Behjat Sadr at the Mosaic Rooms – discover the art of the pioneering female modernist from Iran.

Behjat Sadr: Dusted Waters is the current exhibition at the Mosaic Rooms, London. It is the first UK retrospective of Behjat Sadr (1924-2009), trailblazing Iranian modernist painter. Although little known today (the exhibition is aiming to change that), Sadr was one of the first female painters of her time to gain international recognition, she exhibited at the Venice Biennale in 1963.

The exhibition documents the life of the artist divided into three chapters, corresponding with three cities that influenced the artist: Rome in the 1950s, which marks the beginning of Sadr’s artistic career, Tehran in the 1960s and 1970s, and finally Paris from the 1980s. After the Iranian Revolution of 1979 Sadr left for France where she died in 2009.

Behjat Sadr: Dusted Waters, general view from the exhibition at the Mosaic Rooms (photo: Ground Impressions)

Early on in her career Sadr practically disposed of all the colours from her palette, black paint dominates her paintings. While seemingly abstract, her artworks make reference to organic forms, they also evoke water, soil and earth. The title of the exhibition – Dusted Waters was taken from one of Sadr’s poems. In both her poetry and art black is a recurring colour with symbolic significance. Black is often used to represent or describe night, although thick layers of black paint are also significant in the context of the booming oil economy in the Middle East. Sadr visited oil rigs in the southern Iran in the 1970 and there are photographs from this trip on display. Moving away from the traditional painting on canvas, the artist explored various media such as painting on glass and metal. In her later years she was also experimenting with collages, which she termed ‘photopainting’.

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Behjat Sadr, Untitled (detail, photo: Ground Impressions)

Documents, quotes from diaries, poems and photographs scattered across the gallery allow the viewers to see the artworks in the context of Sadr’s life. Smiling younger versions of Sadr look back at us from photographs taken in her studio and during trips to Europe and around Iran. Finally, in the last room we stand face to face with the artist captured on film in the act of artistic creation. Painting in her iconic technique with black paint on glass Sadr comments on her work and allows us to witness the painting process, which is no less fascinating than the finished artwork. The documentary film on view is ‘Behjat Sadr: Suspended Time’ (2006) directed by Mitra Farahani, friend of the late artist.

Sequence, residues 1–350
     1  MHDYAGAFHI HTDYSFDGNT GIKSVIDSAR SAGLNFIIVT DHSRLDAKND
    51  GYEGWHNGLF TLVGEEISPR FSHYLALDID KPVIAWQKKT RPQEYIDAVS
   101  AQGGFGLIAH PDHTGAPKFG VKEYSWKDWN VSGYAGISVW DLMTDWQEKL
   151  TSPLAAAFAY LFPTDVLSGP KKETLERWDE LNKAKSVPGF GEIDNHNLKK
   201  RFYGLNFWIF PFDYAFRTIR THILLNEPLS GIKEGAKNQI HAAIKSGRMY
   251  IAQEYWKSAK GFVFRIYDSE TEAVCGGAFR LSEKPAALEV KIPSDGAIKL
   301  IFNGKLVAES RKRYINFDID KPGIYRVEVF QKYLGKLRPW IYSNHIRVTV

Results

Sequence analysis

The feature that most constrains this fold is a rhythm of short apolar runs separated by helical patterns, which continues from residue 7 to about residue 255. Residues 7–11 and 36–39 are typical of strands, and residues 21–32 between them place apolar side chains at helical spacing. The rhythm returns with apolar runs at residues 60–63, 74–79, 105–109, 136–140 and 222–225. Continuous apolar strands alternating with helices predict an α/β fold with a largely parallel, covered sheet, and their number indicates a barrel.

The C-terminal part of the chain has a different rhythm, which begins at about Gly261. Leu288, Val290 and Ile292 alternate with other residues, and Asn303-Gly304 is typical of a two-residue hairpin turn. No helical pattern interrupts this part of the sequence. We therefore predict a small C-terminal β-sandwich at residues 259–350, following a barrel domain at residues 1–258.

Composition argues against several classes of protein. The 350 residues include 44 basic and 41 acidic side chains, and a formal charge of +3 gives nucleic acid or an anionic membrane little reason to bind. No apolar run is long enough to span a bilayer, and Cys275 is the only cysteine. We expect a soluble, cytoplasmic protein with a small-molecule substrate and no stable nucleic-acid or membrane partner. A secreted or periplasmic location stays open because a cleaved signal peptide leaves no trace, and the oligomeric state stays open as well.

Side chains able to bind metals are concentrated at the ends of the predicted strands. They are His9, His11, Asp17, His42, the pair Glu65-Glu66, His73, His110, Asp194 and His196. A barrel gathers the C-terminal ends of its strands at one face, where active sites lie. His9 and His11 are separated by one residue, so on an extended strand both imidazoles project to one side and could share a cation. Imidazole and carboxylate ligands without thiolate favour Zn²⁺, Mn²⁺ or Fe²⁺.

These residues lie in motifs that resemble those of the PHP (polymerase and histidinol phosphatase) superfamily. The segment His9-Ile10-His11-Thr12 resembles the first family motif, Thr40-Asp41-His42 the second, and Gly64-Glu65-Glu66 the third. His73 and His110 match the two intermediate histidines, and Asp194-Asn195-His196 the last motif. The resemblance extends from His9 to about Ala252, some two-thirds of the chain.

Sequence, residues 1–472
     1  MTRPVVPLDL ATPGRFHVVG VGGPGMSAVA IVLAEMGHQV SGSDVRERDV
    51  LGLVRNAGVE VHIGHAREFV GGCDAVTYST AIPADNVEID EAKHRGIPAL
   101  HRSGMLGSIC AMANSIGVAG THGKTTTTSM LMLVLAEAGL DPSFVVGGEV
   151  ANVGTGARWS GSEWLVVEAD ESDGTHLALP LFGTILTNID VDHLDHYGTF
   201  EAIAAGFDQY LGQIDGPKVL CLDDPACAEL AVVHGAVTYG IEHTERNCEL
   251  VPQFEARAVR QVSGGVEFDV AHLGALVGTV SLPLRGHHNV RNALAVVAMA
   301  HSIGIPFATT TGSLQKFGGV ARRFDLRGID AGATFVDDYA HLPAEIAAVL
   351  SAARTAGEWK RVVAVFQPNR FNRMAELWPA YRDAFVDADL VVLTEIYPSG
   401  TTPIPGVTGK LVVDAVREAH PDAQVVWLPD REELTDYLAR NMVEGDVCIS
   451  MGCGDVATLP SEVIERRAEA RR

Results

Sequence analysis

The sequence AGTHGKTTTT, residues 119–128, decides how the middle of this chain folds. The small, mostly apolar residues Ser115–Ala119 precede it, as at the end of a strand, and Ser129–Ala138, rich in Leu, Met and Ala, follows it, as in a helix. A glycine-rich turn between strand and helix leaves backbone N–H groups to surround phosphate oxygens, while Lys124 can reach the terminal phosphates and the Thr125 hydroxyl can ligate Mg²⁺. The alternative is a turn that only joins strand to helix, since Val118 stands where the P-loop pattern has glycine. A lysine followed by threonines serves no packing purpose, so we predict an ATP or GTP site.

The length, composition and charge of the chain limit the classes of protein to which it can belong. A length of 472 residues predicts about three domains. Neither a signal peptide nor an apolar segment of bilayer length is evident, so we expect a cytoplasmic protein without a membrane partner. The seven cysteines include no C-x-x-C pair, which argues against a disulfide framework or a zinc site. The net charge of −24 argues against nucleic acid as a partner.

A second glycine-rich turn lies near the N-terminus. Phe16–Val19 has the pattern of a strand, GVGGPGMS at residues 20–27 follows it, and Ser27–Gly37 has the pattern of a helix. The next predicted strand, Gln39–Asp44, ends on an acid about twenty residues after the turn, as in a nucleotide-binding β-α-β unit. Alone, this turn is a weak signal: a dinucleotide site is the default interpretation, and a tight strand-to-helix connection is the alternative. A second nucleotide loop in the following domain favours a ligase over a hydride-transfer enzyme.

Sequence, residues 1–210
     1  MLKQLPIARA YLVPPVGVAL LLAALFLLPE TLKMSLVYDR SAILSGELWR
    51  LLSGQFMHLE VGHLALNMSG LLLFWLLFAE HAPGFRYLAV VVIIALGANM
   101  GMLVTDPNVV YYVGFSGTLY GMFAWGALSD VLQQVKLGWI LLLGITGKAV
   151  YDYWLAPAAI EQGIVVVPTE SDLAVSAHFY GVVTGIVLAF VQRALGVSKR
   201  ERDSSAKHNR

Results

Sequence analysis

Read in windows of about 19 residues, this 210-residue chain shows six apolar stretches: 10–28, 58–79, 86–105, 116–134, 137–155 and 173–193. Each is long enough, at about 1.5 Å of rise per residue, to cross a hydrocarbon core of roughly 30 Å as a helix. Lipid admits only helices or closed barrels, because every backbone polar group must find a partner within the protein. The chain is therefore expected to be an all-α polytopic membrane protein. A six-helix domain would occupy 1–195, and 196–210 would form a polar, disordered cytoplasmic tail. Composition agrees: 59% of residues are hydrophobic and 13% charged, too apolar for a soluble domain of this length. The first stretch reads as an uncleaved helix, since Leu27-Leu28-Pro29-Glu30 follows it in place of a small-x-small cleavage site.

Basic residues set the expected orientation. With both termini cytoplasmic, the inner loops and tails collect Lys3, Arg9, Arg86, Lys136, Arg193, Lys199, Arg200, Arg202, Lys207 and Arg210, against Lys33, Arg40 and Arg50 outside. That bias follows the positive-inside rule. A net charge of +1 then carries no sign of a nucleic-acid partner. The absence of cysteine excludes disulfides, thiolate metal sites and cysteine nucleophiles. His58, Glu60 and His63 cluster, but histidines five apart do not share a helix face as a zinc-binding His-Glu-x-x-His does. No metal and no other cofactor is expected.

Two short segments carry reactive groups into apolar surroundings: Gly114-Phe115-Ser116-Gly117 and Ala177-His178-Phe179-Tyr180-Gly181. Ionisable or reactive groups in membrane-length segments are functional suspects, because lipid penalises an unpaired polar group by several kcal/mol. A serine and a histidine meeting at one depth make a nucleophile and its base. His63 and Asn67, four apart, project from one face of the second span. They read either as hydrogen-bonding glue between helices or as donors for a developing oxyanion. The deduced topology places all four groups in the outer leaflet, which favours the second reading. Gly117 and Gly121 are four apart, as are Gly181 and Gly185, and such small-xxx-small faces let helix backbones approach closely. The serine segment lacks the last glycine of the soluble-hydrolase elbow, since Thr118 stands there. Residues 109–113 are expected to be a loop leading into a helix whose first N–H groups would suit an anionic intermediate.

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photographs of some of Behjat Sadr’s lost works, on display at Behjat Sadr: Dusted Waters exhibition (photo: Ground Impressions)

In the first two rooms, the backgrounds complement the artworks beautifully. Large kinetic paintings can be seen from different angles, the layout encourages the viewers to explore how the fluid patterns change under different lighting conditions. There is also an interactive archive with drawers that can be pulled out containing Sadr’s photo-archive and reproductions of some of her lost artworks. In the last room, large collages are set against the backdrop of photographs used as studies of specific subjects, such as rocks, air or trees. Although the artworks are mostly untitled, seeing them in the context of the artist’s life allows the viewer to appreciate them on individual level as well as a part of larger themes.

Very well-thought exhibition with fascinating insights into life and work of this outstanding artist.


Behjat Sadr: Dusted Waters is at the Mosaic Rooms 28 September 2018 – 08 December 2018

You can read more about the exhibition at the Mosaic Rooms website:


Disclaimer: All the biographical information about the artist comes from the brochure provided at the gallery and gallery labels.


  1. I wish I could see this exhibition! I like that they show the context of artworks and also inform you about the artist’s life. Great article!

    Liked by 1 person

    • Thank you. It is a small but very well designed exhibition. Being able to look at all the archival photos and other materials really makes you feel like you get to know the artist.


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